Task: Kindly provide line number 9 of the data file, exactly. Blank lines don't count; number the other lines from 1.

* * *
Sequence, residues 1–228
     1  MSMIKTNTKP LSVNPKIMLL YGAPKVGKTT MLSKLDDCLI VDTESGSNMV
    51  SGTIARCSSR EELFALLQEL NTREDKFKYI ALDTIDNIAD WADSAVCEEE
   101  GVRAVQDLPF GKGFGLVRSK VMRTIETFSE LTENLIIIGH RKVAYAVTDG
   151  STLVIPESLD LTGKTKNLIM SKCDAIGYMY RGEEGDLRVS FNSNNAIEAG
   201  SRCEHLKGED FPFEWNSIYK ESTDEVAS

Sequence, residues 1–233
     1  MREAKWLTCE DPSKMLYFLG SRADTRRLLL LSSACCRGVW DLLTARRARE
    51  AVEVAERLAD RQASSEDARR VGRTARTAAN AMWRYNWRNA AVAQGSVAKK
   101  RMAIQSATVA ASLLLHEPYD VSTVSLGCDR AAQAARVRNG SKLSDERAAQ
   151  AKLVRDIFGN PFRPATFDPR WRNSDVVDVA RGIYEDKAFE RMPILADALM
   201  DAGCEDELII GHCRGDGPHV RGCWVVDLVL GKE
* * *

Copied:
    51  AVEVAERLAD RQASSEDARR VGRTARTAAN AMWRYNWRNA AVAQGSVAKK